The Blood of the Honored, Part 6
It was a deep, soaking rain that came from seemingly nowhere and doused the braziers and other fires. There had been no dark clouds upon any horizon that Pargnok had viewed in the last few hours, nor had he heard any thunder until then. He knew that it was magic and that the woman in front of him had used that magic to call the storm, blanketing his fort in cold, wet darkness.
“Turtle formation!” Pargnok heard Grilcor call out loudly to the legionnaires below. “Defend the archer unit and keep it tight!” The captain didn’t need to look down into the courtyard to know that Grilcor and the rest of his men were pulling in tighter around the others in the courtyard, the soldiers closer to the center of the barrier raising their shields to complete the protective shell. Pargnok’s own role in the strategic defense of the base was not over yet and so, he could not resign himself to simply dispatching enemies. He knew he still a task before him and he had to be swift.
Pargnok took a large step toward the outer wall and, tossing his weapon into his other hand and letting his shield rest on his arms again, reached into the brazier he’d lit and grabbed out his spark torch. He then turned and tried to dart for the stairs leading down into the courtyard. The captain’s egress was nearly halted, however, as the Forest Elf woman he’d been fighting tried again to slash at his eyes with her large bone-handled knife when he turned back around. He blocked the knife lightly with his shield and gave her a good bash to the face to stun her, but did not stop his movement toward the stairs.
Just as he reached the stairs, Pargnok heard something make a clacking noise off to his left. His head turned just in time to see a black arrow clatter to the floor. He looked around, but couldn’t spot the archer through the rain, so he leaped down the stairs in a bound. Landing lightly on his feet, he lifted his shield and blade over his head to help protect him from the vicious missiles.
Pargnok heard another arrow clang off of his shield as he ran past his soldiers in formation and to the main door to the barracks. Once there, he crouched low, leveled his shield in front of him and watched the formation for the signal he was waiting for. Pargnok knew the others were likely having a bit of trouble with the rain, so it might take longer than expected for them to get ready. He had to hold out for however long that was.
Pargnok detected movement from the direction of the stairs he’d just used and watched as the Forest Elf he’d been fighting descended them gracefully. She stopped once and looked up, as if strengthened by the rain, then continued until she was in the courtyard. The grelf made a motion as if to harass the turtle formation, but then she caught sight of Pargnok and seemed to change her mind.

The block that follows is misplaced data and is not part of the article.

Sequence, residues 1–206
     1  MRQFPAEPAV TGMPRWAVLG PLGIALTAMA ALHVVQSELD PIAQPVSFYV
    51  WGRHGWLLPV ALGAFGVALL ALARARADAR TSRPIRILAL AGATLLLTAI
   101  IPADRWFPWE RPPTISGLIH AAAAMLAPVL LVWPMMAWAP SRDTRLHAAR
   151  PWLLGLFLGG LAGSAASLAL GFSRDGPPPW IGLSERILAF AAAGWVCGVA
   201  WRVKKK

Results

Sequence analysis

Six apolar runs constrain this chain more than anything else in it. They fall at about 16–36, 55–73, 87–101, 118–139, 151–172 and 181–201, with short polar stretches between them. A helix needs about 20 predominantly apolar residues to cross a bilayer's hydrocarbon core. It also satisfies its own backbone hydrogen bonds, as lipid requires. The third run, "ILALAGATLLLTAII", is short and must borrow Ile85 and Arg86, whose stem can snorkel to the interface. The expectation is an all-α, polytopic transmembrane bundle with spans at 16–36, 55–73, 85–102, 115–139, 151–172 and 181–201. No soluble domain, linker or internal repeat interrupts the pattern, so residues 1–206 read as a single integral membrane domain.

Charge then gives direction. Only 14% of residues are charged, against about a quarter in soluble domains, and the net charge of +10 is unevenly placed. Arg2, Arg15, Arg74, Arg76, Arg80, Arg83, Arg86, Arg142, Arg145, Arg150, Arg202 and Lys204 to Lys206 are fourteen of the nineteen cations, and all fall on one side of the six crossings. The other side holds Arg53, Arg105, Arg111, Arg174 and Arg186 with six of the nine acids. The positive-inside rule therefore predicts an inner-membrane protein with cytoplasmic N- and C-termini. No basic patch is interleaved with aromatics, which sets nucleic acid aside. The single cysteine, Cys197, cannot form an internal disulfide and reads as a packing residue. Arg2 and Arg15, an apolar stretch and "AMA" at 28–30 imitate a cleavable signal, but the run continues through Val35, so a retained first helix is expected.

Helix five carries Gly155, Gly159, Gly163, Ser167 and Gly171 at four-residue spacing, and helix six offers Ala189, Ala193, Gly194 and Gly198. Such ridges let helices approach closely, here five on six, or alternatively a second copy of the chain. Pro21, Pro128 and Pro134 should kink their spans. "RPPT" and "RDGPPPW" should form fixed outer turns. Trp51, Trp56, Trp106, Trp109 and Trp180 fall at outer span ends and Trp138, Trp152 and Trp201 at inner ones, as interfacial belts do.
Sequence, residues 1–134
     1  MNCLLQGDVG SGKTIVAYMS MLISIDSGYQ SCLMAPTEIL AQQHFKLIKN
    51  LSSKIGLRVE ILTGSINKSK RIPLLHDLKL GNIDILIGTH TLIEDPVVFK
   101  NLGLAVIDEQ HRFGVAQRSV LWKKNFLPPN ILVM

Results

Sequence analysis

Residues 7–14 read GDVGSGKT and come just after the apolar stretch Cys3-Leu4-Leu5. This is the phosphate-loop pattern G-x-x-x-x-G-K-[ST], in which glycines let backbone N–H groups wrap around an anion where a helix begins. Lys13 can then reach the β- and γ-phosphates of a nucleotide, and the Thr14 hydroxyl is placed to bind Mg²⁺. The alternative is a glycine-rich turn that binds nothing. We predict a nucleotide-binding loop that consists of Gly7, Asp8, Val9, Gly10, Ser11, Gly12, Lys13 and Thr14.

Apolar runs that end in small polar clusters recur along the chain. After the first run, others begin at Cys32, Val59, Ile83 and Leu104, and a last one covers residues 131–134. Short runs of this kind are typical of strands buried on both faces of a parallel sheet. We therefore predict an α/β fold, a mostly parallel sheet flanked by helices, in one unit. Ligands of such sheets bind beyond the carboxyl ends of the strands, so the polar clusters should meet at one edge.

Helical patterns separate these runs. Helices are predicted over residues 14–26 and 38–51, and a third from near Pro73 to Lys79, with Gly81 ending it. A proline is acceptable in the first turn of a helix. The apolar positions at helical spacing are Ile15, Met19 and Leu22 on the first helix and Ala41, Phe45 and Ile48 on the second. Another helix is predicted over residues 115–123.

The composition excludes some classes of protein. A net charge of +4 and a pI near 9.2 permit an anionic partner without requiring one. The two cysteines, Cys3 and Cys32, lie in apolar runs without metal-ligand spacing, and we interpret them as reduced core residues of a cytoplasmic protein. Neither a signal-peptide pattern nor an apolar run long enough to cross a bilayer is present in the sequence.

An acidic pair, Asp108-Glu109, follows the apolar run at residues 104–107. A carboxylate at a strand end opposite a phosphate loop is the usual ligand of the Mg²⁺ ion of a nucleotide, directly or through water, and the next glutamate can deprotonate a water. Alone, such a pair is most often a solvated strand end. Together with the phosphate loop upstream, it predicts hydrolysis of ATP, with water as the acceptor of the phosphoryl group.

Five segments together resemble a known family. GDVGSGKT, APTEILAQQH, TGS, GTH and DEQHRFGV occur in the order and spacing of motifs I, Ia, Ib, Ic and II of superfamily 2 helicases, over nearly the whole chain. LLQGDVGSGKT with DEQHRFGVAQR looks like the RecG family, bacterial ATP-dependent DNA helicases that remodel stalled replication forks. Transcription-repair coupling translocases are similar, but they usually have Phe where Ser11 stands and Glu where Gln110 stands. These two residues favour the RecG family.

“Na nin!” The elf cried out and several other shadows skulked down from the upper battlements to fall in behind her. She and her cadre stalked toward Pargnok, like wolves surrounding prey. As he was contemplating his next move, he heard the tell-tale clanging of several arrows hitting steel and knew that the archers above had decided to focus their fire upon his soldier’s shields. This meant that they were likely no longer trying to hit him, so he gripped his shield and warblade tightly, preparing himself for a charge into the She-Elf and her pack.
Just as he was about to burst into that sudden charge, he caught, out of the corner of his eye, the signal for which he had been waiting. He could see fire behind the feet of his men telling him that the archers were at least close to ready. Pargnok charged for the elven woman, roaring to the manticore as he did, then stopped abruptly about ten feet from the elves. He struck his spark torch against the inside part of his steel shield that was still dry and he spun, launching the torch at a bail of hay that lay nearby, protected from the rain by a thatched hood. As the oil within the hay bail fed the fire of the spark torch, Pargnok dropped to one knee and spun back on his foes, covering his eyes with his shield.
A heartbeat later, sparks and bright light flared from the bale, as the Star Stone within it touched the flames of Pargnok’s spark torch. He heard his would-be assassins cry out and took that as his cue to look. When he did, he saw the woman and her other elven companions blinking, shaking their heads and holding their eyes, as the brilliant mineral sparked to life and blinded them. He charged at the woman first, slamming her with his shield and knocking her to the ground. Then, taking his warblade in his right hand, he slashed and thrust and cut at the others around her.
There wasn’t much the elves could do to defend against Pargnok’s attack, blinded as they were, and when he was finished, not one of them stood. As the captain went about the grisly task of confirming all of his kills, the flashing light of the Star Stone drew his attention up to the battlements. What he saw there made his heart sink into his chest. All along the watch walls stood shadowy cloaked forms, and, despite the rain, he could see them readying blowguns.
There were more than fifty.